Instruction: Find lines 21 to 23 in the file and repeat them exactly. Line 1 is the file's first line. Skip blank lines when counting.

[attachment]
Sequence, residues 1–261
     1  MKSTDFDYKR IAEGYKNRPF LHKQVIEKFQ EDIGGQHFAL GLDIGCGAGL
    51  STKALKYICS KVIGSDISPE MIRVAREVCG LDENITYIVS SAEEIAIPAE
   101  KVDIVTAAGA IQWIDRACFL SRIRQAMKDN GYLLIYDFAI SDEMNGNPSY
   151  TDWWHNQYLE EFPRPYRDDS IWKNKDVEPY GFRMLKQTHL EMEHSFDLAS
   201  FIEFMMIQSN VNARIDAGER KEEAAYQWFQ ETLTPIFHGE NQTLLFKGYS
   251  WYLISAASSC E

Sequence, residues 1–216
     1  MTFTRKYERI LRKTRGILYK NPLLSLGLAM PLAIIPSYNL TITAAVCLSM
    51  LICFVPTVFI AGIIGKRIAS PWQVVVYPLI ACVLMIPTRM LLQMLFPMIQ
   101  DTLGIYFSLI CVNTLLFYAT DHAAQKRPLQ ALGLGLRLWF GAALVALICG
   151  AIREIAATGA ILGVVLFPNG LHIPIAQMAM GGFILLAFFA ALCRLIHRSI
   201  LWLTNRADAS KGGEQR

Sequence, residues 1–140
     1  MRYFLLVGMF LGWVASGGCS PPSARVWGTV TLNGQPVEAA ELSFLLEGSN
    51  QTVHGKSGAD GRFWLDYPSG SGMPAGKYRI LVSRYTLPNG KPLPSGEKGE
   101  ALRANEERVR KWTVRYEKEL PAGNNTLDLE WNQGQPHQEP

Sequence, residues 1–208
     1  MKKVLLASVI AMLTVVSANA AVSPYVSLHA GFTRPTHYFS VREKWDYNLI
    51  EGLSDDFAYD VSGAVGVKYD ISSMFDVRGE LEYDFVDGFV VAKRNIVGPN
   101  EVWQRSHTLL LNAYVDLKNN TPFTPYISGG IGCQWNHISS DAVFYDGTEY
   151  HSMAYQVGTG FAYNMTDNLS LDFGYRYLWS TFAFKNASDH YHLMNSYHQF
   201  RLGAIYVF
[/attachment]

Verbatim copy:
   101  EVWQRSHTLL LNAYVDLKNN TPFTPYISGG IGCQWNHISS DAVFYDGTEY
   151  HSMAYQVGTG FAYNMTDNLS LDFGYRYLWS TFAFKNASDH YHLMNSYHQF
   201  RLGAIYVF